An nonprofit corporation may indemnify any director or officer made, or threatened to be made, a party to an action or proceeding because he or she was a director or officer of the corporation against judgments, fines, amounts paid in settlement and reasonable expenses if such director or officer acted in good faith for a purpose which such director reasonably believed to be in, or not opposed to, the best interests of the nonprofit corporation and, in criminal actions or proceedings, in addition, had no reasonable cause to believe that his or her conduct was unlawful.
New Jersey provisions for liability of volunteer trustees, officers or members are subject to the Federal Volunteer Protection Act of 1997 (42 U.S.C. §14501, et seq.). This Federal law generally pre-empts state laws to the contrary and provides that volunteers can plead volunteer immunity as a defense against any claim arising out of their volunteer activities, except for “willful or criminal misconduct, gross negligence, reckless misconduct, or a conscious, flagrant indifference to the rights or safety of the individual harmed by the volunteer” or harm caused by motor vehicles. Board members concerned about liability should therefore consider serving as volunteers rather than collecting compensation for their activities.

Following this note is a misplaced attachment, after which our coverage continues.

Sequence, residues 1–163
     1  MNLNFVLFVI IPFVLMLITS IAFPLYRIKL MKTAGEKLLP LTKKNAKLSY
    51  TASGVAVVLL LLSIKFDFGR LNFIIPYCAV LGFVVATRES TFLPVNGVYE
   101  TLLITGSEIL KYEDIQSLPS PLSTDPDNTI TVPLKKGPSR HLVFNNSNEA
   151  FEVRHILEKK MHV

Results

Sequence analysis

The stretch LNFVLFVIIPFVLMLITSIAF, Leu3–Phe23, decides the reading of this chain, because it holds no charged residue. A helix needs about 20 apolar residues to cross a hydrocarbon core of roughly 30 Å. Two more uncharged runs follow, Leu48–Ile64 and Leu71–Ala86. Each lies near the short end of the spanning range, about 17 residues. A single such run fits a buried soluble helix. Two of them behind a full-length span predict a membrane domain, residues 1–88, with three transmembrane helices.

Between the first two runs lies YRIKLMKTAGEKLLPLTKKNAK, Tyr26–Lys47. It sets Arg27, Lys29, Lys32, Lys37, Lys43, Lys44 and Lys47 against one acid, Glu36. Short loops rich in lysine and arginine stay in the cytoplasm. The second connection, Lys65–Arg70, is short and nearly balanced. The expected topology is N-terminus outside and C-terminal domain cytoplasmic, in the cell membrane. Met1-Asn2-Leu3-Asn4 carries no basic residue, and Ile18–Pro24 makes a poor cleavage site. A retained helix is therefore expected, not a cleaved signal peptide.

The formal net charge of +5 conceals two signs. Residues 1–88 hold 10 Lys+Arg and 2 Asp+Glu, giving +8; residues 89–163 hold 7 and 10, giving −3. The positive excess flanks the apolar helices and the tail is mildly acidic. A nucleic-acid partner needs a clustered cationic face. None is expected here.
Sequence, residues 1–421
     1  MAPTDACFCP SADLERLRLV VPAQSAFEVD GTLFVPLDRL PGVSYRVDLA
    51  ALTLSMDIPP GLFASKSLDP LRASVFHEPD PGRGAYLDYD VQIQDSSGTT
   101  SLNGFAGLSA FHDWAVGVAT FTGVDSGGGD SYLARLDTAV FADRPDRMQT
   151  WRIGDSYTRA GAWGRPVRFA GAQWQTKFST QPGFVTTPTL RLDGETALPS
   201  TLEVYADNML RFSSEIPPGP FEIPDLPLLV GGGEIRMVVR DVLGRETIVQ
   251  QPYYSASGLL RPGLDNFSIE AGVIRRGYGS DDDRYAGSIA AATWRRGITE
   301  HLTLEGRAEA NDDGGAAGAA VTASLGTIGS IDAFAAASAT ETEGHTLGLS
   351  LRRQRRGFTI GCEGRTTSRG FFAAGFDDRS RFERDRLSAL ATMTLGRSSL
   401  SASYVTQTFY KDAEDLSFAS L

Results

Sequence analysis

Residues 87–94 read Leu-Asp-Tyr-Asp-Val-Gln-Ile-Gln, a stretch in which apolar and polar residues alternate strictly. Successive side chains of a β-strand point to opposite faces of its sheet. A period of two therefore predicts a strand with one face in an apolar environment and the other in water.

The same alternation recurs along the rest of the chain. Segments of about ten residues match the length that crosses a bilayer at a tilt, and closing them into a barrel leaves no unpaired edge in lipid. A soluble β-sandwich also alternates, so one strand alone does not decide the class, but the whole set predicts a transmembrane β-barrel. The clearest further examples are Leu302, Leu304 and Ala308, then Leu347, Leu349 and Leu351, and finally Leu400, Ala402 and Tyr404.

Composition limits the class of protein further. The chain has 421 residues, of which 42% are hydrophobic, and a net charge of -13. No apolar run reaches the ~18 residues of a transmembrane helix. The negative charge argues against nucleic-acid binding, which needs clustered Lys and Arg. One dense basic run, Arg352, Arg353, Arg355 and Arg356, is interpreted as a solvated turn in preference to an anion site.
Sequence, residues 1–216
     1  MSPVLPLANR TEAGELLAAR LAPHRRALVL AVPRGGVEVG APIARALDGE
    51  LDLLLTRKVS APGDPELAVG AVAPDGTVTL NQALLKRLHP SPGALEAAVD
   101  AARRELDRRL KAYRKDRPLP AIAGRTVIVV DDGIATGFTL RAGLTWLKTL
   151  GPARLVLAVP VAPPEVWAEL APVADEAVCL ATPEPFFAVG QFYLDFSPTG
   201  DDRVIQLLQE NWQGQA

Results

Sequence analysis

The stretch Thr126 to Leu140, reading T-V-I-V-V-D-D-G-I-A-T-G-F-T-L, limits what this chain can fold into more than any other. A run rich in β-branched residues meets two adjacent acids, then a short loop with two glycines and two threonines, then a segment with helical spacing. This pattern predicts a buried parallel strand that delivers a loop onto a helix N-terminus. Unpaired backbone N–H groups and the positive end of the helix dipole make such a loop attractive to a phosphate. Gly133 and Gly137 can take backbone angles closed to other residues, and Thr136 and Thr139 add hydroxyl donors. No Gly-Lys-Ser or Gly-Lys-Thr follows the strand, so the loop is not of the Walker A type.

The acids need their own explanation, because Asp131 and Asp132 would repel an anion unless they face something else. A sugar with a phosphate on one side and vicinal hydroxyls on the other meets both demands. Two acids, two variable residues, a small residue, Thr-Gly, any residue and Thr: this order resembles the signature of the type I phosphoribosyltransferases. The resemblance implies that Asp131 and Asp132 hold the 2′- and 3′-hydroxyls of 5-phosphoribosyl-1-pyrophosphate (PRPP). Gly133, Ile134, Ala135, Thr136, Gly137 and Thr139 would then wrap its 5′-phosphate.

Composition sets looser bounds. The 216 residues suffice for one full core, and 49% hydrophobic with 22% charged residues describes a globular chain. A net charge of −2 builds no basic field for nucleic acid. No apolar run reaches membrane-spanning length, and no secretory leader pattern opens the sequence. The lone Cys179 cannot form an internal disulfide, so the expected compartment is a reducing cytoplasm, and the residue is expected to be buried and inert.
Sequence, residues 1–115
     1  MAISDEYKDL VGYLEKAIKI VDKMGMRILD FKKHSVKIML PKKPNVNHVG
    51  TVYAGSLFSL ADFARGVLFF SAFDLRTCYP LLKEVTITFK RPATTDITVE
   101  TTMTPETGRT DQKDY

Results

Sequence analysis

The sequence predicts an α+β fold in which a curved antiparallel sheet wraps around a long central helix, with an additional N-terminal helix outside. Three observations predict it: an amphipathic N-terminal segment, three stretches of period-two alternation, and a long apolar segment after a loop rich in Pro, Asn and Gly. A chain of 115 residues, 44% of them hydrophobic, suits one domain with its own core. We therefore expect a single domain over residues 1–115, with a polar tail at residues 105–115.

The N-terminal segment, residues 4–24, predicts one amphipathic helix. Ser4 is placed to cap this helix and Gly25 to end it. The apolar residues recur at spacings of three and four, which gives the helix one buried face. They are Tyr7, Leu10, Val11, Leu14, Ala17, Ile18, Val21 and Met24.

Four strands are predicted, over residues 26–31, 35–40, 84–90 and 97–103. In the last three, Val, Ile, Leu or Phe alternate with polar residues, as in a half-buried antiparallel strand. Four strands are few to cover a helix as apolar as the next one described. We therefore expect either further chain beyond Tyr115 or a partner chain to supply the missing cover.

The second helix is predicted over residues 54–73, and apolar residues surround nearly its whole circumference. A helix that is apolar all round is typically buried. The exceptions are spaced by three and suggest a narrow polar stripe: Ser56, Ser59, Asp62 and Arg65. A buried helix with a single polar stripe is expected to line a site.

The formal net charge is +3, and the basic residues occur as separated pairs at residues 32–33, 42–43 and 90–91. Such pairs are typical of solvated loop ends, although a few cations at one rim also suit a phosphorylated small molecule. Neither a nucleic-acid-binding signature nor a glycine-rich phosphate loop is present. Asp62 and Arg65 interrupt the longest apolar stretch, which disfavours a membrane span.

Mergers, Acquisitions and Dissolution
Two or more nonprofit corporations may merge into a single nonprofit corporation. The board of each corporation proposing to participate in the merger must adopt a plan of merger setting forth: the name of each constituent corporation, the name of the corporation into which they propose to merge, the terms and conditions of the proposed merger, and statement of any amendments or changes in the certificate of incorporation of the surviving corporation to be effected by such merger. Upon approving such plan of merger, the board must submit the plan for member approval if the corporation has any member entitled to vote. If the nonprofit corporation has no members entitled to vote, the plan of merger must be approved by two-thirds of the trustees present at a meeting called for the purpose of considering and voting upon the proposed merger. After the approval of the merger, a certificate of merger is filed with the New Jersey Secretary of State.